Bullcoming v. New Mexico, No. 09-10876, decided June 23, 2011
In this case, the Sixth Amendment Confrontation Clause once again takes center stage in the context of lab reports offered into evidence at trial. This case presents a procedural concern for prosecutors involving a driving-while-intoxicated prosecution, a common criminal trial matter for most officers. The benefit to officers being familiar with this case is an awareness of the evidentiary requirements for use of lab results or any other testing relating to a DWI case.

In Crawford v. Washington3 the Court said the Confrontation Clause allowed testimonial statements of witnesses absent from trial only if the declarant is unavailable and the defendant had a prior opportunity to cross-examine the unavailable witness. In a subsequent case, Melendenz-Diaz v. Massachusetts, the Court held that a lab report was testimonial in nature and refused to recognize a forensic evidence exception to the holding in Crawford. The prosecution in Melendez-Diaz involved a lab report on drug evidence and the Court said the prosecution could not introduce the report without either a stipulation between the parties or the presence of a live witness to testify as to the contents of the report’s findings.

The evidence against Bullcoming was a lab report certifying his blood-alcohol content level. The report was prepared and certified by a lab analyst who performed the tests on Bullcoming’s blood sample but who was not called to testify at the trial. The prosecution called another analyst to introduce the report into evidence however this witness was not familiar with the tests conducted on Bullcoming’s blood sample. The Court found the lab report to be testimonial in nature and did not satisfy Bullcoming’s Sixth Amendment Confrontation Clause right by having a substitute witness testify. This case was but another in a continuing line of U.S. Supreme Court cases to address a defendant’s right of confrontation at trial.

Michigan v. Bryant, No. 09-150, decided February 28, 2011
Detroit police responding to a shooting call found the victim in the street and inquired as to who shot him and where the shooting had occurred. The victim described his assailant by name and provided information regarding the circumstances of the shooting. The victim eventually died from his wounds but at trial the prosecution sought to admit the statements of the deceased against the defendant — Bryant — through the testimony of the responding officers who spoke with the victim. The defense argued that the admission of the statement of the deceased violated the Sixth Amendment Confrontation Clause, thereby making the statements inadmissible testimonial hearsay.

This argument was eventually persuasive to the Michigan Supreme Court and the second-degree murder conviction was reversed.

Before the U.S. Supreme Court, in a decision by Justice Sotomayor, the Michigan Supreme Court’s order was vacated and the case remanded back to the state court based on a determination that the “primary purpose of the interrogation” was to “enable police assistance to meet an ongoing emergency.”4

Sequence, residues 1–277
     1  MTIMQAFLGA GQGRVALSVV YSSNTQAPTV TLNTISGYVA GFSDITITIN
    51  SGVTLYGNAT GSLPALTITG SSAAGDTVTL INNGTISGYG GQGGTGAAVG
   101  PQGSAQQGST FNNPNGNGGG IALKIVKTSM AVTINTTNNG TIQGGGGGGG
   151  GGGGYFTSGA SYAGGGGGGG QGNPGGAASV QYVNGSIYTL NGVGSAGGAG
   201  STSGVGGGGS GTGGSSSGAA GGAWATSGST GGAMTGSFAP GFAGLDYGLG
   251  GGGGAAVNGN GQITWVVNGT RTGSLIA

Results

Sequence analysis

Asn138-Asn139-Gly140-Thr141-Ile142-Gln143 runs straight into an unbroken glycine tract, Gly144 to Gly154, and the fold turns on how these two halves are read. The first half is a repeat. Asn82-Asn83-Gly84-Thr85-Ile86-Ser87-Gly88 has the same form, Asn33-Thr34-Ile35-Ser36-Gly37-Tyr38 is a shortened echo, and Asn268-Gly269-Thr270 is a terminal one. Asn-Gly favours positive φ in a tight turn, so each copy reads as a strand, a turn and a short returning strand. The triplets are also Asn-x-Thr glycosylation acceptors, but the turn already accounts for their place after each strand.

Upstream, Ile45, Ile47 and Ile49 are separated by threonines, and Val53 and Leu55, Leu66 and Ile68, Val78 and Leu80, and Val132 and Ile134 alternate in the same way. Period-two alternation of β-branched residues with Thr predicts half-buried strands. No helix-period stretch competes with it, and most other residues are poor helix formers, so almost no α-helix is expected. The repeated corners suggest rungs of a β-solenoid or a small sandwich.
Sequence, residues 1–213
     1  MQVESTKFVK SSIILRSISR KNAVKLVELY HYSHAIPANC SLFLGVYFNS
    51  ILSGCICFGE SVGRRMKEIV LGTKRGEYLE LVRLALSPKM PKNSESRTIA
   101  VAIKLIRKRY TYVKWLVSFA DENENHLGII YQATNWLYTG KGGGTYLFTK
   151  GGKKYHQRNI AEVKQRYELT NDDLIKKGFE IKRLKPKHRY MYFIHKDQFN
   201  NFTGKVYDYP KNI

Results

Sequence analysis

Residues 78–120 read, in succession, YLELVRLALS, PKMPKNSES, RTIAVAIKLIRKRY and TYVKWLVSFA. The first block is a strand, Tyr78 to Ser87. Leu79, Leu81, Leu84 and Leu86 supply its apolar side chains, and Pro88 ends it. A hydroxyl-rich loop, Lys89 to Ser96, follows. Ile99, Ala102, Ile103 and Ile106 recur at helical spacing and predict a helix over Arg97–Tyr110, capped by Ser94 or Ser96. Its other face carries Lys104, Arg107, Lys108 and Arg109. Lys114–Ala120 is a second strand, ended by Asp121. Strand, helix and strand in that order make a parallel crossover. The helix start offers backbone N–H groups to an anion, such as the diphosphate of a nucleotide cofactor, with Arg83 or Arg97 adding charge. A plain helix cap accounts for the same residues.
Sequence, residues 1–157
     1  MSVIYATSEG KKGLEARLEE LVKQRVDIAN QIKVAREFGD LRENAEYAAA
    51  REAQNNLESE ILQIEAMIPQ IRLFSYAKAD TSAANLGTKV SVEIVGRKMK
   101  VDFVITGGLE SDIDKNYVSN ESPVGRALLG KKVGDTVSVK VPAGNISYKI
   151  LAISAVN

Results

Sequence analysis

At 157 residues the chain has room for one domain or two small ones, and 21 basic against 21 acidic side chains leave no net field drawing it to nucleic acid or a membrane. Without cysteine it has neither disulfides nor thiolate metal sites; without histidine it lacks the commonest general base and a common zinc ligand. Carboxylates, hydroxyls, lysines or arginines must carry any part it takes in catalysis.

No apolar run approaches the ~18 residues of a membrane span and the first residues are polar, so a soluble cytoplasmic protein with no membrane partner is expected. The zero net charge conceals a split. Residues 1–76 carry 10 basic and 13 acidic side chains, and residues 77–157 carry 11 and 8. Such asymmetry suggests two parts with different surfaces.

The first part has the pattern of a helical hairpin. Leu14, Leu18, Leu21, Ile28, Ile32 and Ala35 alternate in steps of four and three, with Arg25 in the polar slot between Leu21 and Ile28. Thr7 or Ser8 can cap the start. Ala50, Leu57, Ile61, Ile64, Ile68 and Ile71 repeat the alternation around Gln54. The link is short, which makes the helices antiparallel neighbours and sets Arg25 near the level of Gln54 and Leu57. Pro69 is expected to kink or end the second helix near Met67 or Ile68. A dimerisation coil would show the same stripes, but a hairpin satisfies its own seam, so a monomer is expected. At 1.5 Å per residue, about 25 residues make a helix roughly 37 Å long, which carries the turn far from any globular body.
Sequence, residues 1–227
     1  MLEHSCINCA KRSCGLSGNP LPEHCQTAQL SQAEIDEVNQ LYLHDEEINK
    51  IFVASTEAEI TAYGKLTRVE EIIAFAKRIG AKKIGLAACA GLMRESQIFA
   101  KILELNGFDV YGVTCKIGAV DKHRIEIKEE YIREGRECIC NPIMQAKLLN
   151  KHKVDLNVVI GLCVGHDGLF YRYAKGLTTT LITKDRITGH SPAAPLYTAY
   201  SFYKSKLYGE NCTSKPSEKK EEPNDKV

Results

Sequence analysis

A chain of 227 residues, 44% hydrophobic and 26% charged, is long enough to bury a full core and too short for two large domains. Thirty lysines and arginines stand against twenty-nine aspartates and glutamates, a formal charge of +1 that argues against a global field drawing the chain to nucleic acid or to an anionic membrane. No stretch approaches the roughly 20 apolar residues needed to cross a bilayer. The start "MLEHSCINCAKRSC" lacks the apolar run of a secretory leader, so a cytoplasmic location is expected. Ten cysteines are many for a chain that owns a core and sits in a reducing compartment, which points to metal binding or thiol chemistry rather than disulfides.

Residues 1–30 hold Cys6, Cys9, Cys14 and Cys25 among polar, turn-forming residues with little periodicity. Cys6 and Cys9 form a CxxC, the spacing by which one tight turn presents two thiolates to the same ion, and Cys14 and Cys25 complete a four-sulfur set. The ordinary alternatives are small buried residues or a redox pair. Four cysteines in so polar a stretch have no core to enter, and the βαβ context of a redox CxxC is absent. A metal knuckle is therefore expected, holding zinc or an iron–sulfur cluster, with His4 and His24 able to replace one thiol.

Because the primary purpose of the police questioning related to an ongoing emergency, the Court found that the victim’s statements were not testimonial. Otherwise, in keeping with the Court’s Crawford v. Washington decision, the defendant would be entitled to confront the maker of the testimonial statement. The bizarre aspect of this case — which many of you may question — is why was this even an issue, since the declaration would seem to be a hearsay exception as a dying declaration or excited utterance?

This particular issue was not preserved for review before the Court and had not been addressed by the Michigan Supreme Court. The trial court had admitted the statement as an excited utterance without addressing whether it was a dying declaration, and this determination was made prior to the U.S. Supreme Court’s decision in Crawford v. Washington.

The U.S. Supreme Court in Bryant provided two rules of inquiry for the admissibility of statements where there is a Sixth Amendment Confrontation Clause claim:

1.) what is the primary purpose of the questions and the resulting statement? If the purpose is related to responding to an ongoing emergency then the statement will not be deemed testimonial in nature.
2.) in determining the nature of the statement’s purpose the test will be an objective one which takes into account what a reasonable person’s purpose would be in providing or obtaining the statement.

Duryea v. Guarnieri, No. 09-1476, decided June 20, 2011
There are limitations on police officers’ First Amendment rights as public sector employees. Specifically, the 2006 U.S. Supreme Court case Garcetti v. Ceballos5 made it clear that public employees did not have First Amendment protection for statements made in the course of their employment unless the statement involved a matter of public concern. What constitutes a matter of public concern however has been an open-ended question as subsequent federal cases interpreting Garcetti have shown.

In Duryea, the respondent — Guarnieri — was fired as police chief of the Borough of Duryea. He was reinstated after he filed a union grievance but upon reinstatement the employer issued directives on how he was to perform his duties. This led to his filing a second grievance and the matter being resolved by an arbitrator who partially sided with Guarnieri. A civil rights lawsuit under 42 USC §1983 was subsequently filed by Guarnieri based on a violation of his First Amendment right to petition the government for redress of grievances. The directives he claimed were submitted as retaliation for his filing the first grievance which won back his job. Guarnieri then amended his complaint to add a claim that the employer violated the Petition Clause of the Constitution based on a denial of overtime time which was claimed as retaliation for his filing the §1983 lawsuit.